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*As a parent, you want your child to know and celebrate his or her rich history, and the best way to connect children to their heritage is through kid-friendly, interactive experiences.

New York City offers an abundance of fun activities related to African-American art, culture and history that can teach your children to celebrate their unique differences.

Help your little ones develop positive feelings about their racial and cultural identity with any of the following educational experiences.

The Schomburg Center for Research in Black Culture

The Schomburg Center for Research in Black Culture is located inside the New York Public Library in Harlem, New York. This institution and research library represents African American, African Diaspora and African experiences, history and culture. The Schomburg offers a collection of preserved materials documenting black life from across the globe. The Schomburg is also a communal space that encourages learning with its programs, classes, seminars, workshops, film screenings and special events. Spend an afternoon engaging children with these historic documents to captivate them with the historic experiences of people of African descent. Visit the New York Public Library for more information on the Schomburg Center for Research in Black Culture and upcoming events.

Educational Broadway Show

The theme of “The Phantom of the Opera” can teach children to accept others who look differently and find beauty is diversity. Although this legendary story isn’t based on African-American culture, “The Phantom of the Opera” encourages compassion. This world-famous play is the longest running show in Broadway, states Telecharge.com, and tells the story of a deformed phantom hiding in the Paris Opera who terrorizes its occupants. He falls in love with one of the young singers and devotes himself to her extraordinary talents. Keep in mind, this Broadway play is more appropriate for older children. Check out Telecharge to find tickets for this timeless musical.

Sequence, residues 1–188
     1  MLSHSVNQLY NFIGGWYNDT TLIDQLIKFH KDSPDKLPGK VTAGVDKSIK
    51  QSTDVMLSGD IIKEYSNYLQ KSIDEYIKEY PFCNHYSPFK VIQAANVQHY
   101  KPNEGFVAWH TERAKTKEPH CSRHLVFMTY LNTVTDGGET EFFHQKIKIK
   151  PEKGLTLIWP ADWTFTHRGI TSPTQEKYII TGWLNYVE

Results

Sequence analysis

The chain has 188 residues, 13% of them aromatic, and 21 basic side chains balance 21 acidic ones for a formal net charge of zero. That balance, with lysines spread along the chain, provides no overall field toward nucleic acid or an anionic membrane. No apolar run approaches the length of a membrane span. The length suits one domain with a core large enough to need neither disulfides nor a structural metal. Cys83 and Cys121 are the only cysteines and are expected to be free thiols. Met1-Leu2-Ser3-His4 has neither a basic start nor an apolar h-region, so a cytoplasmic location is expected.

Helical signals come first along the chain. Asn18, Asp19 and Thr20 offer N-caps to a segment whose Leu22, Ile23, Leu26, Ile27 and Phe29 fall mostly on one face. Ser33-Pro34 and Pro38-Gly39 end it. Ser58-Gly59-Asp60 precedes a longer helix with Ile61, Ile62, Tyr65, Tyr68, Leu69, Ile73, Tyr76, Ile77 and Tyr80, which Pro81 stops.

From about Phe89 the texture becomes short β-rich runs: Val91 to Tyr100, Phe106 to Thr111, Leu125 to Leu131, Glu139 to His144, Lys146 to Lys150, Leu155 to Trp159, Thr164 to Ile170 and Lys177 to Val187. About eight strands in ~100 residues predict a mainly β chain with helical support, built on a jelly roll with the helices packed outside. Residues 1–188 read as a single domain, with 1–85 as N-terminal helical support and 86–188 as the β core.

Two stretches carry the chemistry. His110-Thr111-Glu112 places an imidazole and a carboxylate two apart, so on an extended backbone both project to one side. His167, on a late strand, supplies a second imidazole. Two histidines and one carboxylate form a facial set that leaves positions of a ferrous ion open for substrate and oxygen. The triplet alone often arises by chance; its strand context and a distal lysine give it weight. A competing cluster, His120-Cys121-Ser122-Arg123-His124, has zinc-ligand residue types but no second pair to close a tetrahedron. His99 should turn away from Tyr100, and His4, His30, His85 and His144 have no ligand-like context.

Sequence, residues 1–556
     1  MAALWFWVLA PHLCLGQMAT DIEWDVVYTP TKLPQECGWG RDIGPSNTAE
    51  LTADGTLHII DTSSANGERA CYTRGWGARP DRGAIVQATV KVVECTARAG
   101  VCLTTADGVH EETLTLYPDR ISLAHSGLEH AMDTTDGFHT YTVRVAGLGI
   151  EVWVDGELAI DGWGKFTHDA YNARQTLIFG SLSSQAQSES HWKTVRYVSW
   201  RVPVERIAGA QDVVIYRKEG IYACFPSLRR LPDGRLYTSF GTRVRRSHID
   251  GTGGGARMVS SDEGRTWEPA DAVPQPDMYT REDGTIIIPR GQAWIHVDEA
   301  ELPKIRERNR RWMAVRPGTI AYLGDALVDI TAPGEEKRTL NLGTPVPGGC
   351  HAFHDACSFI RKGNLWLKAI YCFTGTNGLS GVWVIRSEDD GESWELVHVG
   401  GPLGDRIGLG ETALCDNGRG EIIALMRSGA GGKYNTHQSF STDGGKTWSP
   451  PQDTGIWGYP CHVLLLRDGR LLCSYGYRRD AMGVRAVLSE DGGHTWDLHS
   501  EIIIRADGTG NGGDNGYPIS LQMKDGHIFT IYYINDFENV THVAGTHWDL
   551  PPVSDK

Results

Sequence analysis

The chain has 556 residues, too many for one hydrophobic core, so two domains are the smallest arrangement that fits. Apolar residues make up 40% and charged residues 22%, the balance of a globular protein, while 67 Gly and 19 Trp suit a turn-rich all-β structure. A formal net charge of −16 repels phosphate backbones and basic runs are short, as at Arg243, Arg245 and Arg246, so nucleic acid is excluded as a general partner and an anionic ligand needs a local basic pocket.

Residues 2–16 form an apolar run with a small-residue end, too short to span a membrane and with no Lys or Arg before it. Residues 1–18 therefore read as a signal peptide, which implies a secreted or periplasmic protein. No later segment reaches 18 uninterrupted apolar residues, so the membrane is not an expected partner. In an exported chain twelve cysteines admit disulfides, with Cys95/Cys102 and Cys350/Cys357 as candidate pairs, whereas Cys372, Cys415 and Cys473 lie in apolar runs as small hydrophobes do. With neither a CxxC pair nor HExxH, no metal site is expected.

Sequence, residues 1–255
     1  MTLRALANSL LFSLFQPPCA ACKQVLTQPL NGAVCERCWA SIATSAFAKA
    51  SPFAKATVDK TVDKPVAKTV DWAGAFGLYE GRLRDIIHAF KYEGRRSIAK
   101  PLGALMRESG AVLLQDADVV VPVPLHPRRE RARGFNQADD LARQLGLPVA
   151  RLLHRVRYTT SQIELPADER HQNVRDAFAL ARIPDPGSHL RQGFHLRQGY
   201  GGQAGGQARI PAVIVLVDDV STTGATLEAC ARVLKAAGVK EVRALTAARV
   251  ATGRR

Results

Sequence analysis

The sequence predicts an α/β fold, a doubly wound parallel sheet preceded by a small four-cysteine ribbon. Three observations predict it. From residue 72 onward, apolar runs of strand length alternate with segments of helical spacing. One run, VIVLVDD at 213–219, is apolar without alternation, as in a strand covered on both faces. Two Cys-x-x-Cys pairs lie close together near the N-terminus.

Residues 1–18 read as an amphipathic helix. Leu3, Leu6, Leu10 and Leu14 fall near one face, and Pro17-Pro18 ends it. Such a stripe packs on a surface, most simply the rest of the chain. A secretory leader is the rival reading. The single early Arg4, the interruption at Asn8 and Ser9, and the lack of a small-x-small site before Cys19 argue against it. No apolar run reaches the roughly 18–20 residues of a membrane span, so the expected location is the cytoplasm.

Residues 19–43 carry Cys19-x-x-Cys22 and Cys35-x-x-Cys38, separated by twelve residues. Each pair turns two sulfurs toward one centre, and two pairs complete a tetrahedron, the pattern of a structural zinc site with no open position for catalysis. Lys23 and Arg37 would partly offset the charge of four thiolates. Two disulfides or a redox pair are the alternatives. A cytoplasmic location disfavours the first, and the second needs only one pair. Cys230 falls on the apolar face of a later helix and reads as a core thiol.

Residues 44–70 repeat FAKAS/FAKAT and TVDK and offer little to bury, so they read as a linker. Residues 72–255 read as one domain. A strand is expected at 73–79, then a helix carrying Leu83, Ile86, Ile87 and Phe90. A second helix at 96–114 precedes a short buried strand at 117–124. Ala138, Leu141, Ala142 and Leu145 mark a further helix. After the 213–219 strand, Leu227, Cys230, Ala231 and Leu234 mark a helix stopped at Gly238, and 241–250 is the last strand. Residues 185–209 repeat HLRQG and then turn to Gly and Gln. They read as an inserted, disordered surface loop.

Brooklyn Children’s Museum Event

The Brooklyn Children’s Museum is named one of the best museum for kids by NewYork.com and commonly celebrates Black History Month with African American-inspired events in February. In 2014, the museum hosted “Telling Our Stories,” an event that featured African-American members of the community who shared personal stories about their heritage. Publishers Weekly described it as “a jubilant celebration of black culture.” Along with year-long themed and seasonal events, the Brooklyn Children’s Museum also offers permanent exhibits and hands-on activities designed for a child’s ever-learning mind. Take a look at the Brooklyn Children’s Museum online for exciting new exhibits, classes and performances.

The Museum of Contemporary African Diasporan Arts

The Museum of Contemporary African Diasporan Arts (MoCADA) in Brooklyn is dedicated to African-American visual arts. Its mission is to initiate dialogue on social and political issues facing the African Diaspora through exhibitions and programming, states the official website. The Artists-in-Schools program provides students K-12 with an exciting opportunity to learn and create original artwork with professional artists. Students engage in authentic hands-on art creating experiences while learning about the arts, cultures and histories of the African Diaspora. Learn more about MoCADA online and view upcoming events.

The Lewis H. Latimer House

The Lewis H. Latimer House honors Lewis Howard Latimer, an African-American inventor, electrical pioneer and son of fugitive slaves, describes HistoricHouseTrust.org. It’s recognized as a historical landmark showcasing the scientific and technological contributions by African Americans to American life. According to Mapping the African American Past (MAAP), Latimer was a self-taught expert mechanical draftsman who developed the patent drawings for Alexander Bell’s telephone. He also invented a long-lasting light bulb, toilet to be used on moving trains and air cleaner for hospitals. Since this scientist’s death in 1928, the house has been turned into a museum to exhibit his work. Visit the Historic House Trust of New York City for more information on public hours and events.